Structure and Dynamics of Confined Polymers

  • John J. Kasianowicz
  • Miklós S. Z. Kellermayer
  • David W. Deamer

Part of the NATO Science Series book series (ASHT, volume 87)

Table of contents

  1. Front Matter
    Pages i-xvii
  2. Lucienne Letellier
    Pages 23-36
  3. Stephan Nussberger, Walter Neupert
    Pages 67-84
  4. Kathleen W. Kinnally
    Pages 85-95
  5. O. V. Krasilnikov
    Pages 97-115
  6. Sergey M. Bezrukov, John J. Kasianowicz
    Pages 117-130
  7. C. Gay, P.-G. de Gennes, E. Raphaël, F. Brochard-Wyart
    Pages 131-139
  8. John J. Kasianowicz, Sarah E. Henrickson, Martin Misakian, Howard H. Weetall, Baldwin Robertson, Vincent Stanford
    Pages 141-163
  9. David W. Deamer, Hugh Olsen, Mark A. Akeson, John J. Kasianowicz
    Pages 165-175
  10. Daniel Branton, Amit Meller
    Pages 177-185
  11. Mark Akeson, David W. Deamer, Wenonah Vercoutere, Rebecca Braslau, Hugh Olsen
    Pages 187-200
  12. Björn Åkerman
    Pages 201-225
  13. Murugappan Muthukumar
    Pages 227-239
  14. Wokyung Sung, Pyeong Jun Park
    Pages 261-280
  15. Miklós S. Z. Kellermayer, Steven Smith, Carlos Bustamante, Henk L. Granzier
    Pages 311-326

About these proceedings

Introduction

Polymers are essential to biology because they can have enough stable degrees of freedom to store the molecular code of heredity and to express the sequences needed to manufacture new molecules. Through these they perform or control virtually every function in life. Although some biopolymers are created and spend their entire career in the relatively large free space inside cells or organelles, many biopolymers must migrate through a narrow passageway to get to their targeted destination. This suggests the questions: How does confining a polymer affect its behavior and function? What does that tell us about the interactions between the monomers that comprise the polymer and the molecules that confine it? Can we design and build devices that mimic the functions of these nanoscale systems? The NATO Advanced Research Workshop brought together for four days in Bikal, Hungary over forty experts in experimental and theoretical biophysics, molecular biology, biophysical chemistry, and biochemistry interested in these questions. Their papers collected in this book provide insight on biological processes involving confinement and form a basis for new biotechnological applications using polymers. In his paper Edmund DiMarzio asks: What is so special about polymers? Why are polymers so prevalent in living things? The chemist says the reason is that a protein made of N amino acids can have any of 20 different kinds at each position along the chain, resulting in 20 N different polymers, and that the complexity of life lies in this variety.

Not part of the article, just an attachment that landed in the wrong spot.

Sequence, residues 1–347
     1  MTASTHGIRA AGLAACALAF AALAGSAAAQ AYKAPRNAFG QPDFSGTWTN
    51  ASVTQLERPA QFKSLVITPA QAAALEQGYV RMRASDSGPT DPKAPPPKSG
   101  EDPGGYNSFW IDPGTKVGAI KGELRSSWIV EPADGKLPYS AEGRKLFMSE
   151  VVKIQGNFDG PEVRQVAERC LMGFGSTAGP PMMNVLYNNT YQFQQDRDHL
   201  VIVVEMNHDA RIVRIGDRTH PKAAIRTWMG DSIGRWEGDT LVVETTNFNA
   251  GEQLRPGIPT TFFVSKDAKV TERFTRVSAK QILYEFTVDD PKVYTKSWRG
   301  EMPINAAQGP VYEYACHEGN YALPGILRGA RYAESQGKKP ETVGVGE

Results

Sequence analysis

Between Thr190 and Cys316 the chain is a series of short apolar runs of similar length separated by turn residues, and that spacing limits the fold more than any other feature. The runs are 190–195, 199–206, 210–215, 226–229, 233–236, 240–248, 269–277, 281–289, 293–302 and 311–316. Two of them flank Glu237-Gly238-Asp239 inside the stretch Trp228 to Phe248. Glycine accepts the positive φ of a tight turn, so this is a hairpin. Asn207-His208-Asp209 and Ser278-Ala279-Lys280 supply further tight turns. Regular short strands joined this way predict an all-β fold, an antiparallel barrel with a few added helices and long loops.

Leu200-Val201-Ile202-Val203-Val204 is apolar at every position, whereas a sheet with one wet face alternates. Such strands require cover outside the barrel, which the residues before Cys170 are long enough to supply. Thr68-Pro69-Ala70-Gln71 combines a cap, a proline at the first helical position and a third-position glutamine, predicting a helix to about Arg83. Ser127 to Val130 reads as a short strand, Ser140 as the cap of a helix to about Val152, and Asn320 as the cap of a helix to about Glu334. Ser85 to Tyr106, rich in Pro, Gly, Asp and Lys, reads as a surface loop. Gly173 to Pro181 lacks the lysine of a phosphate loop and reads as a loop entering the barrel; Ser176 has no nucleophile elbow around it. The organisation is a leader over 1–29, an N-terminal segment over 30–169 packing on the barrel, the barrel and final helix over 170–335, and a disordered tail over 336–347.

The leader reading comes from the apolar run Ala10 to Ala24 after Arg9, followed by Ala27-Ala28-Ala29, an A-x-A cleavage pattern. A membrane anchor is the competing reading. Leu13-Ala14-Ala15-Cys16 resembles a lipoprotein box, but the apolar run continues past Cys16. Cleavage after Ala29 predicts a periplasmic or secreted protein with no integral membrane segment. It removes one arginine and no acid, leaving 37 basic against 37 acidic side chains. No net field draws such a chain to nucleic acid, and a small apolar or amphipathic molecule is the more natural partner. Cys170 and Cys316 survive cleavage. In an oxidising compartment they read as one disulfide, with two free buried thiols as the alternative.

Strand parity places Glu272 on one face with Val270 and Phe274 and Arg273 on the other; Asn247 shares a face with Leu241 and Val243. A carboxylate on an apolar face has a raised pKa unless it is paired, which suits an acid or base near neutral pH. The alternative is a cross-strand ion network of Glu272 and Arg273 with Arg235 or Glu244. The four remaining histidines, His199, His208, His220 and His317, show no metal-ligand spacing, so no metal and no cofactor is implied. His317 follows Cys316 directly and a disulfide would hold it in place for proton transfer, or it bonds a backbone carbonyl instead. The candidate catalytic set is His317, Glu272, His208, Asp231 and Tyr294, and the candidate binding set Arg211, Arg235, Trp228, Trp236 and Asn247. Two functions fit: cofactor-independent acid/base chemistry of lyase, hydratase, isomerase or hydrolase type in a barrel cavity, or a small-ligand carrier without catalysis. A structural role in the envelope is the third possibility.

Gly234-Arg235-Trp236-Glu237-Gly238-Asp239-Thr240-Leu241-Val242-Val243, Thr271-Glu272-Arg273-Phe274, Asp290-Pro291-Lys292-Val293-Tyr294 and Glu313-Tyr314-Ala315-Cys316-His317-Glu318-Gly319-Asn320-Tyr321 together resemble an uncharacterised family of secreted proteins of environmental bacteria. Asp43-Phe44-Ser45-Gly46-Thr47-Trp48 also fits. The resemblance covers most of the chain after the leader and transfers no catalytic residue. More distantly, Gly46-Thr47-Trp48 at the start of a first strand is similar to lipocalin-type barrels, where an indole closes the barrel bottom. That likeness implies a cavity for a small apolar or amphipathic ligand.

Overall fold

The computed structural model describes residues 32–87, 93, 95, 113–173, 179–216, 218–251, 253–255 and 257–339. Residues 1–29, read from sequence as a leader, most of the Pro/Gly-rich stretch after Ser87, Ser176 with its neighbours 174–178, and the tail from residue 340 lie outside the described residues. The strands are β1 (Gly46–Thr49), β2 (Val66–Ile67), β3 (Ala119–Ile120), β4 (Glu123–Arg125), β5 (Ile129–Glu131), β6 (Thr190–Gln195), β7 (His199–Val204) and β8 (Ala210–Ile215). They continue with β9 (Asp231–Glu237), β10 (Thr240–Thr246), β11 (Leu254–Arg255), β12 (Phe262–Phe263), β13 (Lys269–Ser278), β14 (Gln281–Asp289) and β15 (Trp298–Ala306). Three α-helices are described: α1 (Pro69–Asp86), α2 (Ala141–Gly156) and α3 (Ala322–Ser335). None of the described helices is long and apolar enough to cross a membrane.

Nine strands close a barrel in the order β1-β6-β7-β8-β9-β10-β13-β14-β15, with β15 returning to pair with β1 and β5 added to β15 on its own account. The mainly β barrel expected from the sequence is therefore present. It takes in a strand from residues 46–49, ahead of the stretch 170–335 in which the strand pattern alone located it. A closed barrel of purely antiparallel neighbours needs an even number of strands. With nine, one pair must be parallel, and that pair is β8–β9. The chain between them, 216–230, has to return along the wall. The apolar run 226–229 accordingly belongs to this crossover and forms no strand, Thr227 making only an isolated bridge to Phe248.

Keywords

Biophysics Copolymer DNA Nucleotide REM STEM fluorescence polymer proteins

Editors and affiliations

  • John J. Kasianowicz
    • 1
  • Miklós S. Z. Kellermayer
    • 2
  • David W. Deamer
    • 3
  1. 1.Biotechnology DivisionNational Institute of Standards and TechnologyGaithersburgUSA
  2. 2.Department of BiophysicsPécs University Medical SchoolPécsHungary
  3. 3.Biophysics Laboratory, Department of Chemistry and BiochemistryUniversity of CaliforniaSanta CruzUSA

Bibliographic information

  • DOI https://doi.org/10.1007/978-94-010-0401-5
  • Copyright Information Kluwer Academic Publishers 2002
  • Publisher Name Springer, Dordrecht
  • eBook Packages Springer Book Archive
  • Print ISBN 978-1-4020-0698-2
  • Online ISBN 978-94-010-0401-5
  • Series Print ISSN 1388-6576
  • About this book